Scientists closer to understanding dark matter
The Queen’s-affiliated SNOLAB is about to inherit one of the world’s most exciting research projects when it comes to understanding dark matter and the nature of the universe.
SuperCDMS – the next phase of the international Cryogenic Dark Matter Search (CDMS) experiment, currently located at the Soudan Underground Laboratory in Minnesota – plans to move to the world’s deepest large underground laboratory near Sudbury, ON.
“One of the most compelling problems of modern cosmology is that we don’t know what it is that makes up most of the matter in the universe,” says Queen’s physicist Wolfgang Rau, the only Canadian researcher on the current CDMS experiment.
CDMS has recently come closest to detecting the interaction of dark matter particles with ordinary matter. However, the search may be hampered by cosmic radiation, which can produce similar signals in the germanium (crystalline semi-conductor) detectors and make distinction difficult if there are too many of them. Being two kilometers underground, SNOLAB is more than twice as deep as the lab in Soudan, providing a much more efficient filter against this radiation.
Moreover SNOLAB is the only large underground laboratory in the world which will be run as a whole ‘clean lab’, filtering all dust from the air that would also be a source of interfering radiation.
Scientists believe that weakly interacting massive particles (WIMPs) could be the building blocks of dark matter, which constitutes 85 per cent of all matter in the universe. Passing through us at billions per second WIMPs are not usually perceptible since they seldom interact with normal matter.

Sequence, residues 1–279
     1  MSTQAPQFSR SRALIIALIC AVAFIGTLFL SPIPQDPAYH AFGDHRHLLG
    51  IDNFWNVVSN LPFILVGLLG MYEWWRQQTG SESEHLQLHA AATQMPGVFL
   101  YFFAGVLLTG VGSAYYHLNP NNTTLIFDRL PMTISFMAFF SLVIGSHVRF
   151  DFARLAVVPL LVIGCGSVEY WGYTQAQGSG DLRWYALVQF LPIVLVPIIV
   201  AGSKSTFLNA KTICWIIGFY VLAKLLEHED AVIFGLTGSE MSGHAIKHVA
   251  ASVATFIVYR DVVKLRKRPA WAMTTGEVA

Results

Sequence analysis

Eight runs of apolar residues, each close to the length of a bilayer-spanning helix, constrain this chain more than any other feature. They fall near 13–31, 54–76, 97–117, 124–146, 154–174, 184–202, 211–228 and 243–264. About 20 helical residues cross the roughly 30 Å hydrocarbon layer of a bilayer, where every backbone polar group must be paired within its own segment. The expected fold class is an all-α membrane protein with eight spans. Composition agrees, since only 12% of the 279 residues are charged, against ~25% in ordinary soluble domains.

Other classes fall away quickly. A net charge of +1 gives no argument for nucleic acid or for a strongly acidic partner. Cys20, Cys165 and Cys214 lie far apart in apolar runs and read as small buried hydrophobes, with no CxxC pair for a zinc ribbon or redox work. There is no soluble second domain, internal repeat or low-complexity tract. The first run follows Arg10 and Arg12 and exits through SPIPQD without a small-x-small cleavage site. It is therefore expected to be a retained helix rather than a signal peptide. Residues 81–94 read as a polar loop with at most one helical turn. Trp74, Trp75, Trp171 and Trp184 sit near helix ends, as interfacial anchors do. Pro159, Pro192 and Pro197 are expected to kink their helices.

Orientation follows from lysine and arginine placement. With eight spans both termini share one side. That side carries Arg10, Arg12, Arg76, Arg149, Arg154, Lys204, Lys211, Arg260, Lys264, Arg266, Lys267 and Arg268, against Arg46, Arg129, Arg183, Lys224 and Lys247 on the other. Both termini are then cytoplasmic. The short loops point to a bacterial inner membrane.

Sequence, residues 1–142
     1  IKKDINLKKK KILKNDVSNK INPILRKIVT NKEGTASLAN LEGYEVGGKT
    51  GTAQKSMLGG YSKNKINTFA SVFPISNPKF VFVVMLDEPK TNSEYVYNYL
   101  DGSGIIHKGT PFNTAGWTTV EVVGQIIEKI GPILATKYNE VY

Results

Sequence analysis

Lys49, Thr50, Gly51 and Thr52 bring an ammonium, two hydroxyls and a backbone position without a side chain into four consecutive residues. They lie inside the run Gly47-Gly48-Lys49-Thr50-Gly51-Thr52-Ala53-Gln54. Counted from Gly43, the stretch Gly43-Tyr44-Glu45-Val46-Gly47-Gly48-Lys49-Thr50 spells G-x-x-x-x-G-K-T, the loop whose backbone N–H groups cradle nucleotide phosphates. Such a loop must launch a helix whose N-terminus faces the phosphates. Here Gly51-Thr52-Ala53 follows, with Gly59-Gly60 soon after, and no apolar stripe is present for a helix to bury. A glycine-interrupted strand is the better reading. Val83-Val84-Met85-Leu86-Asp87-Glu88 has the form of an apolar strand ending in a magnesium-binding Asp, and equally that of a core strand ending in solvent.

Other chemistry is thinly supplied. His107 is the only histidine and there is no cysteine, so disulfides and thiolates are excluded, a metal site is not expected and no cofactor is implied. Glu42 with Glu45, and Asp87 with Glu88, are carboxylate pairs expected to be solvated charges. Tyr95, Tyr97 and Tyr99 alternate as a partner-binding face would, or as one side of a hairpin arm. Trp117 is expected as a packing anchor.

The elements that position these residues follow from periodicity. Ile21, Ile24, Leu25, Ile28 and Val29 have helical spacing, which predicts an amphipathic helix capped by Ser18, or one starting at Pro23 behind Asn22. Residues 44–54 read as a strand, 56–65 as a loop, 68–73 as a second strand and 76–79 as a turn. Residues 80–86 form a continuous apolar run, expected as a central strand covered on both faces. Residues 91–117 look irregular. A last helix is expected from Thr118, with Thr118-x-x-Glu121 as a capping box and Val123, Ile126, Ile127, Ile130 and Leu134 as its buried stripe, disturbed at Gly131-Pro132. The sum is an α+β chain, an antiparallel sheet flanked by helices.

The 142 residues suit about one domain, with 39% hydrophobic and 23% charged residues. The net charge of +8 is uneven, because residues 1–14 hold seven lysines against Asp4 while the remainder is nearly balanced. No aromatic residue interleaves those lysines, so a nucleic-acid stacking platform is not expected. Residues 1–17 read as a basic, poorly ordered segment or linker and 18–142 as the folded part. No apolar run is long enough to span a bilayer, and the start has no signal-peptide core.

Theory suggests these interactions occur as rarely as a few times per year in a five kilogram germanium detector. If however a WIMP does collide with an atomic nucleus in one of the germanium crystals, it puts the crystal into vibration like a little hammer ringing a bell.
“No WIMP has rung the bell yet but our results demonstrate the impressive potential of this technology and brings us one step closer to solving the dark matter mystery”, says Dr. Rau.
Determined to put more bells out there for the WIMPs to ring, the CDMS team plans to increase the detector mass from its current five kilograms to 25 kilograms in the SNOLAB phase of the experiment, at the same time improving the technology to take best advantage of the increased mass.
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